At various points in history the islands have been under the control of the Spanish, French and British. In 1776 Turks and Caicos became part of the Bahamas colony, but attempts to integrate failed and were abandoned in 1848. Turks and Caicos became a British Crown Colony in 1962.
If you like to play in the warm Caribbean Sea, Turks and Caicos is the place to be. The luxuriant island territory is a balm to the senses. However, there are so many things to experience other than the magnificent views and the soothing waters.
On Providenciales you can play one of the Caribbean's top golf courses, visit an art gallery or craft store showcasing local artists, try your luck at the casino, take a guided eco tour on foot or by mountain bike.
On Grand Turk you will find the historic Cockburn Town and the National Museum, located in the oldest stone building on the island, or you can visit the lighthouse that was brought in pieces from the UK where it had been constructed in 1852.
You can go bird watching at Flamingo Pond on North Caicos and learn about or observe iguanas in their natural habitat on Iguana Island.
When the sun goes down Turks and Caicos comes alive. The islands have some good bars, nightclubs, and beach party spots where you can dance the night away under the beautiful Caribbean skies or play some poker, black jack, or roulette.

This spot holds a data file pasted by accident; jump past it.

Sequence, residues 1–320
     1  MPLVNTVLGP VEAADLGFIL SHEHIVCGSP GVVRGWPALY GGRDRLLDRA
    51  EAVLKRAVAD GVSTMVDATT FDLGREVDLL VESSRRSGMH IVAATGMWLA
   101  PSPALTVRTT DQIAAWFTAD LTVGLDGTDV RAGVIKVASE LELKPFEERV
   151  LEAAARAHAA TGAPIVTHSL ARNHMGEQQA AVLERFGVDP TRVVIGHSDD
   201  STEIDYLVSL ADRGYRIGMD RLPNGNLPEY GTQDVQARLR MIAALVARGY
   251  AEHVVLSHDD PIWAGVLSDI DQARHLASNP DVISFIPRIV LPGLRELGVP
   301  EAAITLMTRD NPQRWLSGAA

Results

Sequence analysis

The natural phenomenon of the glowing worms is also a draw for visitors. From two to six nights after the full moon, the natural phenomenon occurs in the ebbing tide on the Caicos Bank. About one hour after sunset the glowworms perform their mating ritual, as the female worms spiral to the surface, emitting a pale green luminescence. When the males encounter the egg masses they glow an even brighter green; it's a sight to behold and a must see.
The majority of the people in the Turks and Caicos Islands are Christians. There are many different denominations represented in the islands including Baptist, Anglican, Methodist, Church of God, Roman Catholic, and Seventh Day Adventists. There are several churches all across the islands, some of them uniquely eye catching, and situated in picturesque spots with wonderful views. The official language in the Turks and Caicos Islands is English; the islanders speak a patois among themselves reminiscent of the Bahamian Islanders.
Both traditional and international cuisines can be found in the Turks and Caicos Islands, and there are also various Western and European meals, and such snacks as sandwiches, hot dogs, and hamburgers.
In the center of Cockburn Town there are various cafes and open bars on the coast that include a variety of fish, seafood dishes, and exotic desserts on their menus.
The islands are rich in various species of fish, and these are used for the local delicacies. Plants that are endemic to Turks and Caicos such as bananas, citrus, and corn are all integrated in the Turks and Caicos cuisine. A very traditional Turks and Caicos meal is grits, made with dried conch or peas, served with chicken or fish and various local veggies.
Rum is also an important ingredient in dishes and is used to flavor various cakes and even steaks - and also served in drinks. A popular drink found in local bars and eateries is a tropical punch made with rum.